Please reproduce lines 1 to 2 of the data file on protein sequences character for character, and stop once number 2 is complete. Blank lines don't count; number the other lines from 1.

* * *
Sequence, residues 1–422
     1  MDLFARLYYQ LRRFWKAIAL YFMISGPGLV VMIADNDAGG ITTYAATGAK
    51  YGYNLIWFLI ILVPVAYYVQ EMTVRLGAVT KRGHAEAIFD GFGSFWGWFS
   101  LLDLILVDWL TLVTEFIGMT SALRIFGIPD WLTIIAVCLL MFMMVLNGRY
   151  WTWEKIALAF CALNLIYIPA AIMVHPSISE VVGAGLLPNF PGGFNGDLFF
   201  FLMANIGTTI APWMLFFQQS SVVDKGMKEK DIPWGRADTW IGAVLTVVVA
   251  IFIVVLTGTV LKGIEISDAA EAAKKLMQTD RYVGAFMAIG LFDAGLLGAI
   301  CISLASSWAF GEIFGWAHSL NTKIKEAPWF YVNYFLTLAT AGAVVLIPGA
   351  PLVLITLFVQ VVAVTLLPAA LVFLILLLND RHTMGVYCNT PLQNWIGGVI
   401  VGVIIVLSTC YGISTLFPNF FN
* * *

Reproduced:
Sequence, residues 1–422
     1  MDLFARLYYQ LRRFWKAIAL YFMISGPGLV VMIADNDAGG ITTYAATGAK